adding the main installation source is 50% quicker now.
ZMD scheduling seems to be a bit broken now. It appears that the service
refresh happens at the same time as the hourly maintenance, even though it is
scheduled for the next day. Once the full service refresh and maintenance has
run ( hourly by default it seems ) the schedule is reset with an updated time
for the service refresh 24 hours later and 1 hour later for the maintenance.
Of course the service refresh still happens one hour later and another new
time i scheduled for it.
This has the side effect of a full service refresh will run if my system is
booted outside of the hourly maintenance window, parse-metadata and
update-status hogging 100% CPU for a few minutes on boot. If i reboot my
system inside the hourly maintenance window this does not happen.
Forwarding to openSUSE(a)openSUSE.org and openSUSE-factory(a)openSUSE.org, as
this might be interesting for this forum as well ;) However, let's try to
have any kind of discussion on openSUSE-buildservice(a)openSUSE.org
---------- Forwarded message ----------
Date: Wed, 31 May 2006 20:45:13 +0200 (CEST)
From: Christoph Thiel <cthiel(a)suse.de>
Subject: [opensuse-buildservice] entering repoview
we have enabled repoview to make browsing the repositories more useable.
This also introduces RSS feeds for all repos. (Some repos might not have
the repoview browsing + rss feeds yet, as they are getting those once they
are pushed into software.openSUSE.org and it's mirrors.)
To get an idea of how it looks like, refer to  for the browsing part
and to  for the RSS feed.
I would like to theme the repoview pages a bit more openSUSE-like, but I'm
currently busy with other stuff. So, if there is anyone who would like to
work on the repoview template, please speak up now! The openSUSE.org wiki
or the brand-new build.openSUSE.org theming offer all the stuff that you
need, in terms of colors.
The repoview package is available from my home project in the openSUSE
Build Service (at ).
I'm sorry if i was perturbating this other thread with my
bugs remarks, but I'm very confused on this subject, and
-visibly- I'm not alone, so this must be addressed soon.
In short, what is really buggy in the update SUSE 10.1 sytem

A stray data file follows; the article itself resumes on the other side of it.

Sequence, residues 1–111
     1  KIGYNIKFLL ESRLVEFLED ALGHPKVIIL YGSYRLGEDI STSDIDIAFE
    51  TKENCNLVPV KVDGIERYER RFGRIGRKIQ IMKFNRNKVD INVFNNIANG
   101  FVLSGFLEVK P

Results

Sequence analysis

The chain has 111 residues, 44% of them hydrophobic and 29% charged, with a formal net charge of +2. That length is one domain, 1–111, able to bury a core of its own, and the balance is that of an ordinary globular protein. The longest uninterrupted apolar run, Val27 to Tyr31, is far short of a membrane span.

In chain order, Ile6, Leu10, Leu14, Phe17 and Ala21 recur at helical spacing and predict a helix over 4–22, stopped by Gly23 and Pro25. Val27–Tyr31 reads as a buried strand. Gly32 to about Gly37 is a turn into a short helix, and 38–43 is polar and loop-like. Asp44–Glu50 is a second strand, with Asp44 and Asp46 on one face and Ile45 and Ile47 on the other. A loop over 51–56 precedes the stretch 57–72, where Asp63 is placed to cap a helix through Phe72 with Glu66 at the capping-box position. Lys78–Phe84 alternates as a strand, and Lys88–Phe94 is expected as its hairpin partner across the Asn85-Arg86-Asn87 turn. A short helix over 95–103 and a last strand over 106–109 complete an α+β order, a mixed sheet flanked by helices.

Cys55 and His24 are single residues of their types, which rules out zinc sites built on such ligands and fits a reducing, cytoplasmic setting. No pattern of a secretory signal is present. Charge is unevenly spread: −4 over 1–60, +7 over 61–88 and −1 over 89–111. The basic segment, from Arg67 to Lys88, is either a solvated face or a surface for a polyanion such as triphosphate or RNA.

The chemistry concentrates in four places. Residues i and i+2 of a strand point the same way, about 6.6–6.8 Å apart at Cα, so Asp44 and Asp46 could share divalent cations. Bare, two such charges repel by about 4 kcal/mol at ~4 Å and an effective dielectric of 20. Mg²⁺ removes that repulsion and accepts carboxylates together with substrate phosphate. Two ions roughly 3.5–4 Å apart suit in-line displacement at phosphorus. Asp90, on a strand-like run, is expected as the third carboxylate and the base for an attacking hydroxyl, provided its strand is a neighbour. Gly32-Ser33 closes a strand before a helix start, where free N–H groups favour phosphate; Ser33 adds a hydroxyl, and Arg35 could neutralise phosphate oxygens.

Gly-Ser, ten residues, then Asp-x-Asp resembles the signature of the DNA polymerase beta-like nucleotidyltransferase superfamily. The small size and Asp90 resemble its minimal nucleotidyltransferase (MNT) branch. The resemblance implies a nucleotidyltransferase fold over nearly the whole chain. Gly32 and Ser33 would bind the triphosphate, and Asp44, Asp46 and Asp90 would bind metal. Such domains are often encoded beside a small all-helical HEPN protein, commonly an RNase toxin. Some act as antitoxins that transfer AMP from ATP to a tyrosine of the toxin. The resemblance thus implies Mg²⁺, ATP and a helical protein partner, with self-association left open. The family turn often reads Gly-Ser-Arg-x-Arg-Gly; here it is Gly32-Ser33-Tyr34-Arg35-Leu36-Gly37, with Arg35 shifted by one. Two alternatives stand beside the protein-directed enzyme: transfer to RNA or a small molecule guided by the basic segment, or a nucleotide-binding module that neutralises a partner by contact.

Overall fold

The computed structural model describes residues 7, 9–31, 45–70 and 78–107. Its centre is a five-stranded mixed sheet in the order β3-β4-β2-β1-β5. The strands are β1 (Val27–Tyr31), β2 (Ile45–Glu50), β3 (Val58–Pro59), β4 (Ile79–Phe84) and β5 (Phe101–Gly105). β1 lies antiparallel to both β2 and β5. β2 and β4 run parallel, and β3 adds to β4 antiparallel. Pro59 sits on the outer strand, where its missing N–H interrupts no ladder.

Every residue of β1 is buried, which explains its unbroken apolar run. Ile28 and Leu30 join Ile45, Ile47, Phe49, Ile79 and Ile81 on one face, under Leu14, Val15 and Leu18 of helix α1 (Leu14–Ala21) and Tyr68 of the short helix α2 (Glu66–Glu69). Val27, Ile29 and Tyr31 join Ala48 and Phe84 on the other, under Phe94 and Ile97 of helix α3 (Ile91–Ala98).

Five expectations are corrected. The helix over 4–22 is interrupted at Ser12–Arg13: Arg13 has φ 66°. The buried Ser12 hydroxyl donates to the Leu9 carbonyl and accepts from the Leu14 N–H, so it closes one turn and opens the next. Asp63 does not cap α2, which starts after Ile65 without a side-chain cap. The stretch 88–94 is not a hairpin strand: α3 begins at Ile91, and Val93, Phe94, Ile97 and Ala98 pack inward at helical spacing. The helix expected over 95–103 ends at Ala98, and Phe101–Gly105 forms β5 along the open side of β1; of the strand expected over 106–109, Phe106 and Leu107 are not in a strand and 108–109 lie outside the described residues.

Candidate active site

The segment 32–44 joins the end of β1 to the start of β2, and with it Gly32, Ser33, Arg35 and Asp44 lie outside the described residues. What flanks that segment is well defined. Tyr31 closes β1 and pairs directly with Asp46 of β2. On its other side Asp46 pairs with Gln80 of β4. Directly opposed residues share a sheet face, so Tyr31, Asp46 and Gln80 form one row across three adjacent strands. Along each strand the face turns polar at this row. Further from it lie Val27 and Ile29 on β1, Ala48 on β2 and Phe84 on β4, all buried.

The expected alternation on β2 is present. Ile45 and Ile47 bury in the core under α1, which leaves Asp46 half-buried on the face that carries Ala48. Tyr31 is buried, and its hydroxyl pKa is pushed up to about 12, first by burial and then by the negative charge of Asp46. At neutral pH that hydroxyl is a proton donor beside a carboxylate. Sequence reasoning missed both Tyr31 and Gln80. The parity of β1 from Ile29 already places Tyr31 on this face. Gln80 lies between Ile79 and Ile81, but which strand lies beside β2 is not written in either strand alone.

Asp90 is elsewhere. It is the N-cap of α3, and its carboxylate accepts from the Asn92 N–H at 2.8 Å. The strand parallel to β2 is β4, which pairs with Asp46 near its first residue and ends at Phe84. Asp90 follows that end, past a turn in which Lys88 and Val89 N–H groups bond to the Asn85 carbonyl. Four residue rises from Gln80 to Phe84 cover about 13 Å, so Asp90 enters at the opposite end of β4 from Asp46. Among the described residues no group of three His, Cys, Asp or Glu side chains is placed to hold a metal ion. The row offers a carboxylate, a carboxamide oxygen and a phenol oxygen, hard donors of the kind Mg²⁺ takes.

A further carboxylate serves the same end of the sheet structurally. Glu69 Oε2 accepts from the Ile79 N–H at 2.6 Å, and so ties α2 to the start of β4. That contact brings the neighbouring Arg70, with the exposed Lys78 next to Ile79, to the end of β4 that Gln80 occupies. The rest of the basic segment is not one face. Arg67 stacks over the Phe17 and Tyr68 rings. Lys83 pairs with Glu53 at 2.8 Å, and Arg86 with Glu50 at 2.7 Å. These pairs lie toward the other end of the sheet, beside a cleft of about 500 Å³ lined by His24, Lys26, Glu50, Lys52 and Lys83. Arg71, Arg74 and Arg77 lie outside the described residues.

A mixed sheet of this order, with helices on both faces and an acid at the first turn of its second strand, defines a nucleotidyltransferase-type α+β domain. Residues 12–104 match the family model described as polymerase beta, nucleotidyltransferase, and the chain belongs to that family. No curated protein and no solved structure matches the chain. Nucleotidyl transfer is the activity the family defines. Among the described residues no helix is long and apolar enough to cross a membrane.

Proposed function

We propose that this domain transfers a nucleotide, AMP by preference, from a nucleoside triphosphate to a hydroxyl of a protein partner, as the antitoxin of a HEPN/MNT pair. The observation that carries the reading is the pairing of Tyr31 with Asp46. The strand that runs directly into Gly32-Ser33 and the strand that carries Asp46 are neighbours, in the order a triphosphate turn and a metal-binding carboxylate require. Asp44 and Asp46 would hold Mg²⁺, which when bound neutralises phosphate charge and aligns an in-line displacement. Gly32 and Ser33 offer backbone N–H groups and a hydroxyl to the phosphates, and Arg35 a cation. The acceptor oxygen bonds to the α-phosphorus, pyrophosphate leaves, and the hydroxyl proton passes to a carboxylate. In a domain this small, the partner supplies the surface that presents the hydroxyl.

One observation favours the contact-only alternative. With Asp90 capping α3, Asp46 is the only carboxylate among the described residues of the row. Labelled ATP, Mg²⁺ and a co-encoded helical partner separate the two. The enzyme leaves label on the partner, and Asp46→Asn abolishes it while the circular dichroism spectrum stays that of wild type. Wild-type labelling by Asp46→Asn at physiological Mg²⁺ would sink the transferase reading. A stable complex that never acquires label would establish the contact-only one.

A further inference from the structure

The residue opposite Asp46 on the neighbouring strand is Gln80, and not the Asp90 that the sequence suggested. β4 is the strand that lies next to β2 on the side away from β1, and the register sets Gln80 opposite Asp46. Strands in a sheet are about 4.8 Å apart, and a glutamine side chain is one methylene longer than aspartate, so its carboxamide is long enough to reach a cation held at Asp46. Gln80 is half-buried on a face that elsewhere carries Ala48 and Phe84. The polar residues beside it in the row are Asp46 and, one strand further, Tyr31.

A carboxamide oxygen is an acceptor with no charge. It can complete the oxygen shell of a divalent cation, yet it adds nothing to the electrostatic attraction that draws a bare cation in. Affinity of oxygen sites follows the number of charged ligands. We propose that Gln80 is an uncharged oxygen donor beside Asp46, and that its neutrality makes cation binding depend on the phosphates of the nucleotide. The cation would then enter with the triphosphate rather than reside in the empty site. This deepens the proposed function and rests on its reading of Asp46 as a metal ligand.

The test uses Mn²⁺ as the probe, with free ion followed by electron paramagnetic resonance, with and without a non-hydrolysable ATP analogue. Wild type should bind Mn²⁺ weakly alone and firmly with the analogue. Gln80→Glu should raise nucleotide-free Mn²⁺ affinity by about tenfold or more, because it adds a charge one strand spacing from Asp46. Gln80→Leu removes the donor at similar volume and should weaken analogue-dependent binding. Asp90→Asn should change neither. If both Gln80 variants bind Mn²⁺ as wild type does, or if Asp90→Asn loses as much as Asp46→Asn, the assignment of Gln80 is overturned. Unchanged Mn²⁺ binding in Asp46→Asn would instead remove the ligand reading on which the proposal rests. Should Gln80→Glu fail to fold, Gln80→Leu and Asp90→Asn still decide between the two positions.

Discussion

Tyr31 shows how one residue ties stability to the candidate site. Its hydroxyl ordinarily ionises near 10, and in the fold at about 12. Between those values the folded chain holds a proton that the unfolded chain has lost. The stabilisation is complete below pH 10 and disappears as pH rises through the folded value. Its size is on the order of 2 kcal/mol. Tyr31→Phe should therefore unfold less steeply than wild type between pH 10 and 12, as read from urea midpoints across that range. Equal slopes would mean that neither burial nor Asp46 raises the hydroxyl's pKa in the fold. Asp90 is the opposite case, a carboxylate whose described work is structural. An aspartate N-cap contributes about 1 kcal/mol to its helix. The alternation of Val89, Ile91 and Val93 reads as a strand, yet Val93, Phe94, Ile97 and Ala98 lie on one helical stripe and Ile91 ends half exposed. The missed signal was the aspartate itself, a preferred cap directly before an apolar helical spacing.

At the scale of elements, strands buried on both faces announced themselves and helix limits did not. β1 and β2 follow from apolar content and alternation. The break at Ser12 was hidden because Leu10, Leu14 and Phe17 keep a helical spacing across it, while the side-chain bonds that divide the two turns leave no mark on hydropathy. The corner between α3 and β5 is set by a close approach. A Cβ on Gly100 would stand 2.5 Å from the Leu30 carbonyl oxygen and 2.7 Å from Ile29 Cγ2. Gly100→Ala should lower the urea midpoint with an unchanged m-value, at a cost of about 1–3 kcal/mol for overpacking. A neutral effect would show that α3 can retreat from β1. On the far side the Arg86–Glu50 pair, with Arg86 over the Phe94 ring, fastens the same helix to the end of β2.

and what is not?
reading opensuse list and suse-linux-e list, it seems that
nothing works on many hardware. The "I hate SUSE" game is
full of players.
the "most annoying bugs"
is itself buggy :-) say not very clear.
what can an ordinary user know about "zen-updater" (I myself
don't really understand what it's for);
"will crash YaST." is specially frightening.
all this makes me think "yast is not reliable" so my reaction.
all the threads about rug, zmd, smart... are also very
SO. we need a wiki page linked to "most annoying bugs" with
a clear statement like "In most situation you can safely use
YaST online update. More, you should use it for _all_ your
software work unless you are experienced with others
utilities." and more. And written with the normal user in
mind, not the debugger...
a page we could give as reference for any related question.
El Martes, 30 de Mayo de 2006 20:09, Alexei_Roudnev escribió:
> It is transparent for the user's processes, so why do you expect any
> changes in gcc?
Well, if Woodcrest is a new type of processor (even though it's based on
Xeon), it might have new registers, ... that have to be implemented in gcc.
If it's not implemented in gcc, you might not get all the performance you
might be looking for/expecting.
Just as you can, for example, specify:
Intel Pentium4 CPU with MMX, SSE and SSE2 instruction set support.
Improved version of Intel Pentium4 CPU with MMX, SSE, SSE2 and SSE3
instruction set support.
Improved version of Intel Pentium4 CPU with 64-bit extensions, MMX, SSE,
SSE2 and SSE3 instruction set support.
Maybe there's a:
The question would be: is there a -mtune=woodcrest?
> ----- Original Message -----
> Hi :)
> El Lunes, 29 de Mayo de 2006 11:59, Eberhard Moenkeberg escribió:
> > Hi,
> > On Mon, 29 May 2006, Rafa [iso-8859-15] Grimn wrote:
> > > Does anybody know whether Intel's Woodcrest processors will be
> > > It's a dual core Xeon processor.
> > >
> > > Would it be a x86-64?
> > >
> > > Any glitches, gotchas, advice regarding: kernel, glibc, gcc, ...?
> > I have some new Dell PE1850 with dual core Xeon CPUs (2 sockets, showing
> > 8 CPUs with HT enabled):
> > zim01:0 11:56:09 ~ # cat /etc/SuSE-release
> > SUSE LINUX 10.0 (X86-64)
> > VERSION = 10.0
> > zim01:0 11:56:26 ~ # uname -a
> > Linux zim01 2.6.13-15.8-smp #1 SMP Tue Feb 7 11:07:24 UTC 2006 x86_64
> > x86_64 x86_64 GNU/Linux
> > zim01:0 11:56:50 ~ #
> > /proc/cpuinfo says:
> Thanks, but do you know if there would be any modifications to glibc, gcc,
> kernel, ... ? I guess some registers have changed/been added to the CPU
> (chip) but haven't found any info regarding support by gcc.
50% of all statistics are inaccurate.
So I guess people are supposed to dig their way through opensuse.org before they install SuSE (or SUSE or whatsoever)? C'mon...please.
> -----Ursprüngliche Nachricht-----
> Von: opensuse-factory(a)opensuse.org
> Gesendet: 30.05.06 21:59:39
> An: suse(a)linuxin.dk
> Betreff: Re: [opensuse-factory] bugs or not bugs
> On Tue, May 30, 2006 at 09:43:17PM +0200, Martin Schlander wrote:
> > Check it out here:
> > http://en.opensuse.org/Using_10.1
> > I, or rather the wiki page, needs some information on the best way to disable
> > the beagle indexing stuff. And I also need some input on howto best recompile
> > the kernel module in case of kernel update when installing nvidia driver with
> > tiny-nvidia-installer. I think perhaps a paragraph on Updating
> > (configuration, ~suse/update/10.1, zen updater, YOU etc.) in 10.1 could be a
> > good idea.
> Nice. Perhaps also some ndiswrapper info and how to get your wireless
> online if you don't have any other connection.
> houghi http://houghi.orghttp://www.plainfaqs.org/linux/
> > Today I went outside. My pupils have never been tinier...